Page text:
A while back I was sitting in a hospital waiting room, surrounded by all sorts of invalids. 
The man to my right, probably in his early fifties, was clearly in back pain. When called, he gingerly rose in such a manner it was excruciating just to watch. The elderly woman behind him somehow held her shoulder in her arms… the young man across the room slouched agonizingly, turning various colors of green. 
Meanwhile the TVs blared… mocking them all. 
The first screen had some sort of reality love show, with bouncing nubile couples, twerking health and fertility…. The second screen was some comedy show, locally produced clearly. Hip 20 somethings in an unaffordable cool loft swapping punch lines without a care in the world. 
And the third housed a collection of the most fit, athletic and capable men the country could produce… running at top speed, the envy of boys around the world, the national football (soccer) team. 
My fellow inhabitants looked up, bleary eyed, at a world obsessed with youth and health. What cruelty! 
Look at all that ABLE-NESS
Soccer Football – 2018 World Cup Qualifiers – Uruguay v Argentina – Centenario stadium, Montevideo, Uruguay – August 31, 2017. Argentina’s Lionel Messi in action against Uruguay’s Alvaro Gonzalez (R) and Gaston Silva. REUTERS/Andres Stapff
Of course my remembering this small vignette is not entirely out of the blue… I’ve been battling a head cold all week, and just today the cough has begun. I’ve lived in the UK long enough to know how to exist while being sick (just a matter of fact there), but I’ll be honest, since living in warmer climes, I’m out of practice. 
Nonetheless, the whole endeavor has got me thinking of ‘sickness’ in society. 

For Thomas Mann fans out there, there’s a whole book dedicated to the subject, The Magic Mountain. The guests of a sanatorium high up in the Swiss Alps both escape the rigors of normal society and expectations, but through the illness (or not?) they achieve new perspectives… enough for one of the characters to say that illness is a virtue. 
This is hotly debated, the humanist contends that the mind is dependent sadly on the body (hello dualism) and thus sickness is a malignant force, a corrupting, disgusting, crippling effect. 
But the books – history, philosophy, literature – are filled with great characters who overcome (physically or mentally) illness to great renown and greater understanding. 
Julius Caesar battled epilepsy his whole life. Marcus Aurelius was a sickly man… Epictetus walked with a painful limp…and let’s not get started on poor Philoctetes’ awful rotting limb…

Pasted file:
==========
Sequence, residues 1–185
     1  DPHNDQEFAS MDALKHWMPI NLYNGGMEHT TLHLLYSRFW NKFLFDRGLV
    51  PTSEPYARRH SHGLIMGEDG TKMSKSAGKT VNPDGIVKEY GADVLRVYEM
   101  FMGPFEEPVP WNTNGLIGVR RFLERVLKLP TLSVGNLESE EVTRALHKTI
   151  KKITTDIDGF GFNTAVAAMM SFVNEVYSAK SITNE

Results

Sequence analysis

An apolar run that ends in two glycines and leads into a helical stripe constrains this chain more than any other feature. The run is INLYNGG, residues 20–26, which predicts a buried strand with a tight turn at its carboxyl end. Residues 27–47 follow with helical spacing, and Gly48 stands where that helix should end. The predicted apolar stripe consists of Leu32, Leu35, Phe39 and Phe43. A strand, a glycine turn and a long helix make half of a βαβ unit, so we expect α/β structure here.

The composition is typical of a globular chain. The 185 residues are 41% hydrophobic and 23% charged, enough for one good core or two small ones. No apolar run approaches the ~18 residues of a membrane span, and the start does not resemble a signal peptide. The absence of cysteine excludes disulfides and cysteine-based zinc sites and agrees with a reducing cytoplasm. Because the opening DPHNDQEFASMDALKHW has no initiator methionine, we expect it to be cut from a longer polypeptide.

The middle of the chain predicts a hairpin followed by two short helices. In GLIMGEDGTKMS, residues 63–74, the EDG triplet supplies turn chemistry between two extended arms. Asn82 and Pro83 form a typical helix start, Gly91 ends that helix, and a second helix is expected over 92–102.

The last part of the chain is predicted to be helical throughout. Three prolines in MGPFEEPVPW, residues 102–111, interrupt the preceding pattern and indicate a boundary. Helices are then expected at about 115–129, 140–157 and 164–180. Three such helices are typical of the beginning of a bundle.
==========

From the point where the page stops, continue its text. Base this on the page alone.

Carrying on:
Philoctetes’ wound was so foul, he was abandoned on an island… only to be begged later to save the Trojan War
Did these ailments aid their greatness? Their huge accomplishments and insights? Or were they successful in spite of these difficulties? 
It is this question, surrounded by tissues no less, that I want to ask you, dear reader:
Can Sickness be a Virtue? Can it bring enlightenment? Or is it merely illness and pain… and nothing to romanticize at all…?    
And how does this all fit in our current society which appears to idolize the young and the beautiful? 
As always, you can write to me directly at [email protected] or comment below. 
Before your start penning your response… A quick announcement: 
We have two exciting events coming up. The first is taking place tomorrow – it’s a debate on whether or not we need ancient Greek and Latin as requirements… both for Classics students and the general public. 
Make sure to register here to join in the conversation:
I’ll try not to cough too much ;-) 
The second, is actually very related to this week’s topic at hand. I’ll be discussing specifically Stoicism and health with an amazing panel.
Former beauty queen, MTV personality and Chronic pain survivor, Karen Duffy, is joined by renowned Stoics Donald Robertson (How to Think Like a Roman Emperor) and Nancy Sherman (Stoic Wisdom) to delve into how Stoicism Can Help, Finding a Philosophy for Life. 
Heads up: She’s hilarious – so this panel is going to be dropping some wisdom in the most enjoyable way… It’s philosophy with a smile… 
Sign up and you can also win Duff’s new book, described by Bill Murray, comedian, actor, and sage of Hollywood:
“Reading Wise Up put a smile on my face. This book will change lives. Duffy writes seriously important books that she doesn’t take too seriously. I guess that’s the secret. Read this book or you will miss it.”